The accounting for costs to maintain, repair, or improve plant and equipment is summarized

Ordinary repairs and maintenance, sometimes called revenue expenditures, are recorded
as expense.

Improvements (betterments) are expenditures to make a plant asset more efficient or

productive. They are capitalized (added to the cost of the plant asset).

Extraordinary repairs extend the assets life beyond its original estimated useful life.
Their costs are capitalized or charged to accumulated depreciation.

Disposals of plant assets

A plant asset may be disposed of in three ways:

1. Discarded, with no cash received

2. Sold for cash
3. Traded in
In ACCT 101 we will review the accounting for assets discarded or sold for cash. Accounting for
assets traded in will not be covered.
The accounting for plant asset disposals requires two journal entries: One to bring depreciation
up to date and (2) a second journal entry to record the disposal.
Upon disposal, the plant assets cost and related accumulated depreciation should be removed
from the books. Any cash received is recorded. If the cash received is greater than the book value
of the asset disposed, the company will record a gain. If the cash received is less than the book
value of the asset disposed, the company will record a loss. These gains or losses are reported as
Other Income or Other Expense, respectively, in the income statement.
Example: A company owns equipment that cost $8,000, and that had accumulated depreciation
of $6,000 as of January 1. This equipment is depreciated at a rate of $1,000 annually. On July 1,
it is sold for $3,500 cash. After depreciation is updated, the equipment has a book value of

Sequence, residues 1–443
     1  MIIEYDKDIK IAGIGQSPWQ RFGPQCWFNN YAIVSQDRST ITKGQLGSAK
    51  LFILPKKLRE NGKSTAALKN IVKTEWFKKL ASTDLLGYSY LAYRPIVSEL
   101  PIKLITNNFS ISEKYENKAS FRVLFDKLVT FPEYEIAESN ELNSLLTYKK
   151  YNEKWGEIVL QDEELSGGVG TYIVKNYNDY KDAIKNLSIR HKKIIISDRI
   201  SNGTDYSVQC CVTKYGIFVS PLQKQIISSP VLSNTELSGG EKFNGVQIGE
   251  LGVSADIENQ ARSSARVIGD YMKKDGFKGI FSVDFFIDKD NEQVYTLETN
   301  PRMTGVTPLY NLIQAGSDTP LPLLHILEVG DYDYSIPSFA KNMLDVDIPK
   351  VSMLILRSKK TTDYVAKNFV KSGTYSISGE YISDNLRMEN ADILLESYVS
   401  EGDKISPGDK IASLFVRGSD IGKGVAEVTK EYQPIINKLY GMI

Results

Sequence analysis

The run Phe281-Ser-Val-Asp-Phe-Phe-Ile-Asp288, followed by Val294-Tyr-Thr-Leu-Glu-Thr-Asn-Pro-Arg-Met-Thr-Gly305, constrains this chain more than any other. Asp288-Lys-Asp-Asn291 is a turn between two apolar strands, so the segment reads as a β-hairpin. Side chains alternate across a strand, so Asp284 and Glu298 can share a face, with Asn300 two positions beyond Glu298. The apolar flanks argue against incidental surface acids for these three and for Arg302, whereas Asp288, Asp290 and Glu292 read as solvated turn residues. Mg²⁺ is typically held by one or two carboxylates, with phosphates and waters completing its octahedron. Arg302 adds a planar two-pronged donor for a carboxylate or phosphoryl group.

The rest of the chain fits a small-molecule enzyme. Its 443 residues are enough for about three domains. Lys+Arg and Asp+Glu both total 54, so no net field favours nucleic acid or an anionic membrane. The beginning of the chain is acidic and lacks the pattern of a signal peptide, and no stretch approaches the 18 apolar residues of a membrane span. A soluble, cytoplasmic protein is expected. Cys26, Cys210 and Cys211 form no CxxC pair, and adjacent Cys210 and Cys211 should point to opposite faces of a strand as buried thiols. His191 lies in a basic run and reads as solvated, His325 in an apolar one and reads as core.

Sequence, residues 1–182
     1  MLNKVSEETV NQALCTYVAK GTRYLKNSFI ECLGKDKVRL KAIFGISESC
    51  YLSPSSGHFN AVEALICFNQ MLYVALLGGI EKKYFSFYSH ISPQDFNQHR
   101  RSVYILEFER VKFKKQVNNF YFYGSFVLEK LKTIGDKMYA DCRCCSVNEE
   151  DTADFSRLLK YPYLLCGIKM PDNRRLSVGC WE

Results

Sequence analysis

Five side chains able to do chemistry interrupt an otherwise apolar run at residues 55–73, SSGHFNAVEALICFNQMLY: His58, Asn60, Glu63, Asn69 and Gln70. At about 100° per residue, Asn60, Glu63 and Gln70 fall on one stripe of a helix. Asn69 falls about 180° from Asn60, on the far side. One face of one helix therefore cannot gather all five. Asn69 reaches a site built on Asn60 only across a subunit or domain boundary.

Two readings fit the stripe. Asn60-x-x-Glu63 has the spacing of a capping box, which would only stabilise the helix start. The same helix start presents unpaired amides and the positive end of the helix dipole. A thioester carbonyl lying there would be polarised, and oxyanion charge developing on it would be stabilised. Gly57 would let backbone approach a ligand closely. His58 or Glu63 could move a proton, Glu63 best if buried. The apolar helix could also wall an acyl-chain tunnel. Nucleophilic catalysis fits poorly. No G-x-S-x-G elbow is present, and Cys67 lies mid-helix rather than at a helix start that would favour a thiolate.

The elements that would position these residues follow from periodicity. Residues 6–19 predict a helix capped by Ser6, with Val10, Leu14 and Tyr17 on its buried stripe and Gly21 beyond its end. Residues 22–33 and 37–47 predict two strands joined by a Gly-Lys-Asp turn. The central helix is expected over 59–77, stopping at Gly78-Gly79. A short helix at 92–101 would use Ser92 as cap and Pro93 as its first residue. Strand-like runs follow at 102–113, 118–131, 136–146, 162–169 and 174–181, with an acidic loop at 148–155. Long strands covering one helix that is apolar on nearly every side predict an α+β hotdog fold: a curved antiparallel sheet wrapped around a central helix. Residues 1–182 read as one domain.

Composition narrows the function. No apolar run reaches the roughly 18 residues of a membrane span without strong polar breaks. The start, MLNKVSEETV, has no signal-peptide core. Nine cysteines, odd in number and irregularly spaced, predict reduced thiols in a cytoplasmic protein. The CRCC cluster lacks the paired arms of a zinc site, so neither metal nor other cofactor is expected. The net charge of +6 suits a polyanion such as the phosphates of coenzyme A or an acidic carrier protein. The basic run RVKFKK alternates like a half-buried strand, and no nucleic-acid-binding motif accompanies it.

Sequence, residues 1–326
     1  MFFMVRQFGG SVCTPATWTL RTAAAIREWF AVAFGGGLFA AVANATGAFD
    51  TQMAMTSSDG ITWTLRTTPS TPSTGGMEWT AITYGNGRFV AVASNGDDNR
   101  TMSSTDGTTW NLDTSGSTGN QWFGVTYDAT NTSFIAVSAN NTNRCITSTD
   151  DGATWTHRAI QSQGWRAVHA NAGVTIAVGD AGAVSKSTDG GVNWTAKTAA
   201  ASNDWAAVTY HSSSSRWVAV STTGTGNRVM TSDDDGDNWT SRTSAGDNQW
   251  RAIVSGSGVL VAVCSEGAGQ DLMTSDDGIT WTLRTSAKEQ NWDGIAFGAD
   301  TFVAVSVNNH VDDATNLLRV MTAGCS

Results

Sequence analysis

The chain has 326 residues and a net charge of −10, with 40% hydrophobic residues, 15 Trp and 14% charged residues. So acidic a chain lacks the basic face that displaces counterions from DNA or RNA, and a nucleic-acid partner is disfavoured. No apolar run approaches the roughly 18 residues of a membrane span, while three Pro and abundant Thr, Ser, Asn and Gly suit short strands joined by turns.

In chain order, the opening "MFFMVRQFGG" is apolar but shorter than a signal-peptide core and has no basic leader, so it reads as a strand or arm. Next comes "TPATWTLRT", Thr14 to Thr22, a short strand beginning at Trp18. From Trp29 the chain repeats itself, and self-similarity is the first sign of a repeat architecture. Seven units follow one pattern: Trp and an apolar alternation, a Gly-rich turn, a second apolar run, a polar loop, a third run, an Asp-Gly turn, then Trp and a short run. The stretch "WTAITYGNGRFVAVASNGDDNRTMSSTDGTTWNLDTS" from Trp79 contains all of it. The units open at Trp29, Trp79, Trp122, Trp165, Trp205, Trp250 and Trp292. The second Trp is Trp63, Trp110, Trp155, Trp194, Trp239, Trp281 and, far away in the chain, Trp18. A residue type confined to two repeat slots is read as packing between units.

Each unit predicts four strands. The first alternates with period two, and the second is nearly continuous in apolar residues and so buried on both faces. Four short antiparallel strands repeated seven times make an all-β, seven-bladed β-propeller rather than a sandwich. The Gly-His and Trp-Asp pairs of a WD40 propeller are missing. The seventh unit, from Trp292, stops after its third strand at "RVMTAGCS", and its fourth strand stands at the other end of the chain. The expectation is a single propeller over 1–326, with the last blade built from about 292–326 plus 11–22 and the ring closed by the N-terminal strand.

$1,500 (cost of $8,000 less accumulated depreciation of $6,500).
The company would record a gain of $2,000 (cash received of $3,500 less book value of $1,500).
The necessary journal entries to bring depreciation up to date and to record the sale would be:

July 1 Depreciation Expense


Accumulated Depreciation


(1/2 year * $1,000 annual depreciation)

July 1 Cash


Accumulated Depreciation ($6,000 + $500)


Equipment (cost)


Gain on Disposal of Equipment


Natural Resources
Assets that are physically consumed when used are called natural resources. They
include timber, mineral deposits such as copper, and oil and gas.

All costs necessary to acquire the natural resource asset, and prepare it for its
intended use, are capitalized. Once activity begins, the natural resource asset is
depleted on the books. Depletion is similar to depreciation for fixed assets. Natural
resource assets are depleted using the units-of- production method discussed
earlier. The journal entry to record depletion debits Depletion Expense and credits
Accumulated Depletion.
Intangible Assets
Intangible assets are nonphysical assets, used in operations, which provide rights,
privileges, or competitive advantage to their owners. For example, a patent issued
by the federal government gives the patent holder an exclusive right to sell the
product under patent. If the intangible asset has a limited life, it is amortized over
that life. Amortization is similar to depreciation for fixed assets. Intangible assets
are amortized using the straight-line method. The journal entry to record
amortization debits Amortization Expense and credits Accumulated Amortization.
The following intangible assets are amortized.
Intangible asset



An exclusive right granted to the patent

holder to sell a patented item. The
maximum legal life of a patent is 20


An exclusive right to publish and sell a

musical, literary or artistic work.

Franchises and Licenses

Rights given by a company to deliver a

product of service, under specified
conditions. Examples include Pizza Hut
and McDonalds. Most franchise
agreements have limited lives.

Leasehold improvements

Improvements to leased property.

Some intangible assets do not have a limited life. For example, a trademark, such
as the Nike swoosh, gives Nike the exclusive right to use the swoosh on its

products and in its marketing. Although the trademark has a limited life, it is
easily renewable and is not amortized.
Another intangible that is not amortized is goodwill. Goodwill is recorded when
one company purchases another company. Goodwill is calculated as the cost paid
to purchase the company, less the acquired companys net asset values. For
example, if Parent Company paid $1,000,000 to acquire Subsidiary Companys net
assets of $900,000, the remaining $100,000 would be recorded as Goodwill on
Parent Companys books.
Goodwill is not amortized but is tested for impairment, a subject covered in
Intermediate Accounting courses.